As we enter the world of holy icons, we must remember how they exist to draw us into the contemplation of divine beauty. They are doors into eternity, into the heavenly kingdom, and not simply beautiful pieces of art. The veneration of holy icons safeguards and proclaims our faith in the Incarnation and in the intrinsic goodness of all material creation. The icons belong to worship and exist exclusively in the atmosphere of prayer and liturgy. The icons also serve as a point of unity between the Eastern and Western Churches and belong to our common patrimony. Icons have been venerated and continue to be venerated in all the Rites of the Catholic Church.
We will be looking at the history of the veneration of icons – from the first Christian catacombs into the decrees of the 7th Ecumenical Council and three Iconoclastic Periods in which icons were discarded, defaced, and destroyed by those who did not properly understand and venerate them. Next, we will look at examples of more contemporary icons in the Roman Catholic tradition and how we are to properly venerate, care for, and promote the veneration of holy icons.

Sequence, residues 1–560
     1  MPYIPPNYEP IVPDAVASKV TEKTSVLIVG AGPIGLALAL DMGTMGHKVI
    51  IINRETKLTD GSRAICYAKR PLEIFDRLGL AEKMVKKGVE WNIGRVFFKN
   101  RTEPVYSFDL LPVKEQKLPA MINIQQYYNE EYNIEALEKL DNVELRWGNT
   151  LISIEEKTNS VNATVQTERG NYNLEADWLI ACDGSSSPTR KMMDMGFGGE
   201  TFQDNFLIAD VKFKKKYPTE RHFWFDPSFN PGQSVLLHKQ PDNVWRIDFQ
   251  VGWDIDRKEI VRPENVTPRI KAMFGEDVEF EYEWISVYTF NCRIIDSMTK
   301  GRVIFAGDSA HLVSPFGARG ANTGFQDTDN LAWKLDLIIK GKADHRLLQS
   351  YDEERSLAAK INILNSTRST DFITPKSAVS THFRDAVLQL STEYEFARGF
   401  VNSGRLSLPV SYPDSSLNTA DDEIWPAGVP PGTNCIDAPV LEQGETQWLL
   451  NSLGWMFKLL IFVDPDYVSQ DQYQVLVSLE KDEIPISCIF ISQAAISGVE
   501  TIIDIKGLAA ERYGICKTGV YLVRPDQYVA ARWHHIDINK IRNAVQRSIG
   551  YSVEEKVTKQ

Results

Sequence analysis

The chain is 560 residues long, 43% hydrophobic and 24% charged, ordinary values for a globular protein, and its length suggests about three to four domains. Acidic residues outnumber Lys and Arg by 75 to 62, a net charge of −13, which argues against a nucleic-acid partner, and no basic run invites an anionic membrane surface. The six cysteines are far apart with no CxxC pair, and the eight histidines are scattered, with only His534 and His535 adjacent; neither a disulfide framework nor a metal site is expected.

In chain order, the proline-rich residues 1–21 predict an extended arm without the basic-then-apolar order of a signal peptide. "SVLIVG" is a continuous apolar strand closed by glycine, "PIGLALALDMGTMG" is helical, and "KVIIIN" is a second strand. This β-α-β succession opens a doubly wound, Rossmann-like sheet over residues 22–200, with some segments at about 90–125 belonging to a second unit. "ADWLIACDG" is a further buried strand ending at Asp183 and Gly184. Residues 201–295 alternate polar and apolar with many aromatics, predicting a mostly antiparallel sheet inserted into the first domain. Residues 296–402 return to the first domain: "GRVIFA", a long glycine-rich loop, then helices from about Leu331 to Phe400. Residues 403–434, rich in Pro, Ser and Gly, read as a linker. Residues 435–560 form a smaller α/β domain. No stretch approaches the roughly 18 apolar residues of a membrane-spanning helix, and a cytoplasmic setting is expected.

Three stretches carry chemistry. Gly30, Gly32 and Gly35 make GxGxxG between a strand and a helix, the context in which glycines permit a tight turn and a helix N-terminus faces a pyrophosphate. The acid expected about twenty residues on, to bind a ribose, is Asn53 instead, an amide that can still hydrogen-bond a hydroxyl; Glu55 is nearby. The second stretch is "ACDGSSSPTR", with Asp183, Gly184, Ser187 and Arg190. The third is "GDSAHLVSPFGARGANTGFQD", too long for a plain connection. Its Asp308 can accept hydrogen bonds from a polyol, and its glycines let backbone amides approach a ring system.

If St. Jerome’s statement “Ignorance of the Scriptures is ignorance of Christ” is true, then it is equally true for us to affirm that “ignorance of the Holy Icons is ignorance of Christ” because, as we will discuss, the icons are to be venerated with the same relative veneration as is shown the Cross and the Book of the Gospels. Icons do with color what Scripture does with words.